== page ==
I had the pleasure of chatting with John Hawks about the two big science news stories of the past few months, the synthetic genome and the Neandertal genome, for Science Saturday at John is a professor of anthropology at the University of Wisconsin who studies population genetics of ancient humans, as well as a terrific teacher. I learned a lot of really fascinating things about how people study fossils and trace human evolution and it was interesting to find some connections between the two stories! As he mentions on his blog, we didn't once mention synthetic Neandertals… just posted a conversation Greg Laden and I had about the second-biggest scientific controversy of Darwin's time, and of Darwin's life: the argument over how coral reefs form. The coral reef argument was fascinating in its own right, both scientifically and dramatically -- for here a very capable andn conscientious scientist, Alexander Agassiz, struggled to reconcile both two views of science and the legacies of the two scientific giants of the age, one of whom was his father. His story -- and the tumultuous 19th-century struggle to define science and empiricism -- is the…
Johnson and Horgan are back on this week's Science Saturday diavlog on From BHTV: In this week's episode of Science Saturday, John Horgan and George Johnson explain how the latest Jarmusch film, "The Limits of Control," conveys a message of significance for struggling science journalists everywhere. They also discuss how neural implants might improve your sex life, whether it's time to declare defeat in the war on cancer, and whether human civilization is going to be crushed by food shortages.
Related ScienceBlogs Posts: Jake on genetics and obesity Razib on obesity and heritability
Razib and I have a discussion up at about genetics and behavior as well as a brief discussion of neuroeconomics. Check it out below the fold:
In this week's episode of Science Saturday, John Horgan and George Johnson discuss a recent debate about the identity of humanity's closest living relatives, an anthropological case study in the link between technology and violence, and the dizzying complexity of the mathematics of the financial crisis. And just in case you'd forgotten that John and George aren't fanatics about the Internet Age, they made sure to squeeze in a bit of curmudgeonly ranting against Twitter.
Maybe not nearly as long as many anthropologists believe. That's the thesis of Gregory Cochran's controversial book, The 10,000 Year Explosion, which Gregory discusses with ScienceBlogger Razib Khan of Gene Expression in this week's Science Saturday. They also talk about how the evolution of lactose tolerance might explain why Indo-European languages are widespread, whether the invention of helmets changed our skulls, and the way in which survivors of the Black Plague were doubly lucky.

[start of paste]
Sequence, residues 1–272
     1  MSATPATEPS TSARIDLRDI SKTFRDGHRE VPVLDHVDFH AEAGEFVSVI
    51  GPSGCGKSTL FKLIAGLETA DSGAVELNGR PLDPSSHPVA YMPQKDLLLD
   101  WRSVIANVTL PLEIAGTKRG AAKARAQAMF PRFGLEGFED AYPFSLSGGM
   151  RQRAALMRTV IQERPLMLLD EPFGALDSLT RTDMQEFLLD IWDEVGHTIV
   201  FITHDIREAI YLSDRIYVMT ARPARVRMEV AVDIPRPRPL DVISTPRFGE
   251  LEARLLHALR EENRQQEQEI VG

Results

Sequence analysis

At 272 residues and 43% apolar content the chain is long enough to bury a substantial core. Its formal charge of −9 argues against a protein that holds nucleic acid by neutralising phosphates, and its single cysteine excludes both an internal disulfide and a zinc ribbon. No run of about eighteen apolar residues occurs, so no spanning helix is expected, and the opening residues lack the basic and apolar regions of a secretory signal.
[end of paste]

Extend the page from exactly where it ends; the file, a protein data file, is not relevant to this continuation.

This week, our regularly scheduled "Science Saturday" feature has become "Science Monday" due to some technical difficulties during our most recent upgrade. But the video is now up and features some of our very own bloggers, Janet (AKA Dr. Freeride) from Adventures in Ethics and Science, and Peter Lipson (AKA Dr. Pal) who contributes to Denialism Blog and regularly hosts thrilling podcasts. This week, Janet and Dr. Pal explore the ethics behind different issues in medicine and science such as conscience clauses (for example, in which pharmacists can withhold prescriptions from consumers), the…
This week's episode features philosopher Joshua Knobe and psychologist Elizabeth Spelke discussing the cognitive abilities of infants. Here are some more clips of the "diavlog" in addition to the one you can view on the ScienceBlogs home page. What do you think of this week's Bloggingheads feature?
The advent of the science blogger is changing the way people talk about science. But along with new modes of communication and new rhetoric come new questions and opinions about how this evolution is affecting the scientific process. ScienceBlogger Coturnix from A Blog Around the Clock posted his views about why both scientists and science journalists sometimes rant about science bloggers, and why this is a good thing.
Today on, you will notice a new feature on the site. Instead of The Buzz, we have an embedded video from This feature will appear every Saturday and can be viewed subsequently here on Page 3.14, the editorial blog of This week, John Horgan from the Stevens Center for Science Writings and George Johnson, author of Fire in the Mind and The Ten Most Beautiful Experiments discuss recent attempts of scientists to use functional Magnetic Resonance Imaging technology to display graphic images on a computer screen directly from the visual cortex…